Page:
In the midst of his fourth clinical cancer trial when COVID-19 first struck, Saltzman explained that for someone with a weakened immune system like him, COVID-19 has endured as a constant mortal threat, even after vaccines came to the fore.

"I know through some blood testing that the vaccines have not produced an antibody response in my system to COVID," he noted. That left him "essentially an unvaccinated person," despite having had four shots.

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As a result, he said, "Even now, I don't go to a movie theater, I don't go to restaurants, even though the recommendations are lifting to go out. I can't do it, because I am afraid."

"I rely on people around me to get with it and protect themselves, and ultimately that protects me from this infection," he added.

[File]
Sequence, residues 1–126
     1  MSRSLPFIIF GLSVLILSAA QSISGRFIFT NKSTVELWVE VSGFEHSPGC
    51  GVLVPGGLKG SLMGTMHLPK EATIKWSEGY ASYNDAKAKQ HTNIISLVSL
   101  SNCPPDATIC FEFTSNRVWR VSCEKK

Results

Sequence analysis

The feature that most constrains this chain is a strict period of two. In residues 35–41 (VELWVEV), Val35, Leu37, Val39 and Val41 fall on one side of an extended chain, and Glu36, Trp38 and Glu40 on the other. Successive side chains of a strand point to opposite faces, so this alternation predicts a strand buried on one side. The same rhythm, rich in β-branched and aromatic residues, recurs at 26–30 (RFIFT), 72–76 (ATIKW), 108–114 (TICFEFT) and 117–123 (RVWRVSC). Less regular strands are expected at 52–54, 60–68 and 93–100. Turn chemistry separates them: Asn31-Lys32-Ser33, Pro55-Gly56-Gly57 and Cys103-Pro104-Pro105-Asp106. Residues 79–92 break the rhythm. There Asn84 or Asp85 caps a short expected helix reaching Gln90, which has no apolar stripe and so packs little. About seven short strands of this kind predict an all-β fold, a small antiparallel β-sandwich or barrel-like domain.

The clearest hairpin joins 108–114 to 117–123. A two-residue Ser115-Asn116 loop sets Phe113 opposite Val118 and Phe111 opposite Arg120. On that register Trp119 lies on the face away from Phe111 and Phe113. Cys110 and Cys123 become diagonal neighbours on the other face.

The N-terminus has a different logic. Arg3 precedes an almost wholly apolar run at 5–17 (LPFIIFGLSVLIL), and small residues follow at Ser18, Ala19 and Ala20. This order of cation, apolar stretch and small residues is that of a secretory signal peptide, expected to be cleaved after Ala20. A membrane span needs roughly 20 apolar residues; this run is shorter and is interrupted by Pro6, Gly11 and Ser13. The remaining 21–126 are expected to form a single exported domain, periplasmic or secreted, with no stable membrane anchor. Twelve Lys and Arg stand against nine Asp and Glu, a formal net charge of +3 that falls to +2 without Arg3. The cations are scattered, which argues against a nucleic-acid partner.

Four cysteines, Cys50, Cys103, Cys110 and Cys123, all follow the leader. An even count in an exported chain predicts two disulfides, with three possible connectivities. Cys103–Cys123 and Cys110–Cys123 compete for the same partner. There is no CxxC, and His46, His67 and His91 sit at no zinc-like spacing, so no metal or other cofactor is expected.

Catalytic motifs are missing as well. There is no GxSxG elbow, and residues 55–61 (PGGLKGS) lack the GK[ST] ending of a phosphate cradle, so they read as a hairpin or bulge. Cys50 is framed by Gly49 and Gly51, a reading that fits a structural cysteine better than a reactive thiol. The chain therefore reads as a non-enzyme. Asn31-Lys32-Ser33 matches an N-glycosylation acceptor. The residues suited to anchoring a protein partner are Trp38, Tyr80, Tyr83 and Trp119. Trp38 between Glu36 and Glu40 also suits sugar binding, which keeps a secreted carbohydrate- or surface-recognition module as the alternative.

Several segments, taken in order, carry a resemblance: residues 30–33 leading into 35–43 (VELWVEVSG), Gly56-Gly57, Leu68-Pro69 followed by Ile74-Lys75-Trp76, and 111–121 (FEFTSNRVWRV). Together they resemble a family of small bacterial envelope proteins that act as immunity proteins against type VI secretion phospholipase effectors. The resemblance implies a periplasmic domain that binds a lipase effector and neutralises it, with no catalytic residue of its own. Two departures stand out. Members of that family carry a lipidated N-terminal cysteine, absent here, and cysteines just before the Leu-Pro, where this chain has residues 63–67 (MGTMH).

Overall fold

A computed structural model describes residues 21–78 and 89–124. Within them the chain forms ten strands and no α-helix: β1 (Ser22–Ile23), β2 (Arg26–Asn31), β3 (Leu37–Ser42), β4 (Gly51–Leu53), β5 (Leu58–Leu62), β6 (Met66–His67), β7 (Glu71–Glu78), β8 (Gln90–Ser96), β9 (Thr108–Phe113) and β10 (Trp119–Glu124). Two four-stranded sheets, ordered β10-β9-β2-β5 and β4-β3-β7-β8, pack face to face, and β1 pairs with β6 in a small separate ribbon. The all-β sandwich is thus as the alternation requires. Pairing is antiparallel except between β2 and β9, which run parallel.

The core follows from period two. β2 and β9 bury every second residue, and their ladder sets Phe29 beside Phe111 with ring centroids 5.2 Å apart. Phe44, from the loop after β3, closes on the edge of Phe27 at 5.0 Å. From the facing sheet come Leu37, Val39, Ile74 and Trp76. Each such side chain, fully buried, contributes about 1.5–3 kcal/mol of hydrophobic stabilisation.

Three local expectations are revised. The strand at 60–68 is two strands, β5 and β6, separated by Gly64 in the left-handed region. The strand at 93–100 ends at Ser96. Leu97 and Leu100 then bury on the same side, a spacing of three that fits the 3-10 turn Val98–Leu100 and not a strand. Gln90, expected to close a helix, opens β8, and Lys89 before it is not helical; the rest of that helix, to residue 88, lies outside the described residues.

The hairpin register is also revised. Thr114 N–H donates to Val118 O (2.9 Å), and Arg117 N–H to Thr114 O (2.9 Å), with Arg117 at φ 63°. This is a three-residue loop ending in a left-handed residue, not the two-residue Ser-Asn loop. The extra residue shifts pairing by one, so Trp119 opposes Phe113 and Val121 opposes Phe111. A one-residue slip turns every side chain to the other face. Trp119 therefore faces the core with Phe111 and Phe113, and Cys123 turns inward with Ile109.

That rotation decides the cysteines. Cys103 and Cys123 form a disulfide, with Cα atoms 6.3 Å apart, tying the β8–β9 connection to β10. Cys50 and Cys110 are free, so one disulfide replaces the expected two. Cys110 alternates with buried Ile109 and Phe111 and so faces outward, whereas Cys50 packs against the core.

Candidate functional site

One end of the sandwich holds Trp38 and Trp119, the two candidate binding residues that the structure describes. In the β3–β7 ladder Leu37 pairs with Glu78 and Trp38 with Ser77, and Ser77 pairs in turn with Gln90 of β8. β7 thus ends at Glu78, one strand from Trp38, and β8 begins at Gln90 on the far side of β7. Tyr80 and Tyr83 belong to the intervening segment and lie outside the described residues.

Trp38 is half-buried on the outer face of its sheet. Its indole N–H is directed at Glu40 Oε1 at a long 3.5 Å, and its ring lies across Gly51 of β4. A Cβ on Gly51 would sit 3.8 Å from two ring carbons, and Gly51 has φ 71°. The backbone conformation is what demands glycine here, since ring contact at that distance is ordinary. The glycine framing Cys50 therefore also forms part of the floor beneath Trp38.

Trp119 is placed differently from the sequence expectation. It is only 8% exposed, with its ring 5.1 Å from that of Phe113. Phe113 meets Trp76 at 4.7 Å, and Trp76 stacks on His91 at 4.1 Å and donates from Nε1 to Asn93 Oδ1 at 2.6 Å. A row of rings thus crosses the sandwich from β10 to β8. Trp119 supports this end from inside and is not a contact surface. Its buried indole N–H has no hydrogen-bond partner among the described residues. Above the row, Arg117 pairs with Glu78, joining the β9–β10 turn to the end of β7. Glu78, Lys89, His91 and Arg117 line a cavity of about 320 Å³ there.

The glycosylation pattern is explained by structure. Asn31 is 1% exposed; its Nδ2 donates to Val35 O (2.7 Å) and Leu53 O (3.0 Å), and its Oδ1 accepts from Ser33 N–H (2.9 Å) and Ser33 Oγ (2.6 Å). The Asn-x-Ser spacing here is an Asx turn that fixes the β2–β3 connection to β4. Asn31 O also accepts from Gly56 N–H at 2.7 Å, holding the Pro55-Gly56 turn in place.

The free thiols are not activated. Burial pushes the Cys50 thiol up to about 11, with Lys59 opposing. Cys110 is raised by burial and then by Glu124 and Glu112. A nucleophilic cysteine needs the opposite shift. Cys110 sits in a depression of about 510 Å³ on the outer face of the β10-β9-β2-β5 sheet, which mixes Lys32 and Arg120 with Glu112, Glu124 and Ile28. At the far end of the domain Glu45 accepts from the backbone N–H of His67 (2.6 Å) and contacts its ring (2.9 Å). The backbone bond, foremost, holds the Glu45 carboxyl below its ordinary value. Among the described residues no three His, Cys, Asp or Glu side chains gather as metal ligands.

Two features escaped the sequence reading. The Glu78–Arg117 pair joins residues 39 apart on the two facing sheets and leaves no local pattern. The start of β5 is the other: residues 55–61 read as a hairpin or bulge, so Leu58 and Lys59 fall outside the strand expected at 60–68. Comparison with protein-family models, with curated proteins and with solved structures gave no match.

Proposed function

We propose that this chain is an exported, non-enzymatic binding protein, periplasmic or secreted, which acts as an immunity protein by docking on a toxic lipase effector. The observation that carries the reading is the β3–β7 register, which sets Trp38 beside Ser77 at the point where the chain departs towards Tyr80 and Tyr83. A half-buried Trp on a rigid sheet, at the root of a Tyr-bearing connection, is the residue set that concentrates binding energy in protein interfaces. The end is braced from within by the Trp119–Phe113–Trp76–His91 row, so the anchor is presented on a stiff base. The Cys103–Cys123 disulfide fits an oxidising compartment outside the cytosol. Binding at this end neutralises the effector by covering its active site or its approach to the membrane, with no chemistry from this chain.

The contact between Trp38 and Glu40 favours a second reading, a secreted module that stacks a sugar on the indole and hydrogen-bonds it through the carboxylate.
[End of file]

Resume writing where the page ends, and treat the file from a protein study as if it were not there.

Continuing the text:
Johnson and Saltzman typify just how tough COVID-19 has been on the cancer community, said AACR report team member Dr. Ana Maria López.

Speaking at the briefing, López, a medical oncologist from Jefferson Health in Sewell, N.J., said that from the start, "patients with cancer are at increased risk for infection, and are at an increased risk for getting sicker" from COVID-19.

That heightened risk was compounded by the hit the pandemic took on diagnosis and treatments. Particularly, said López, among elderly cancer patients and those from minority communities who are already "medically underserved" due to longstanding health inequities.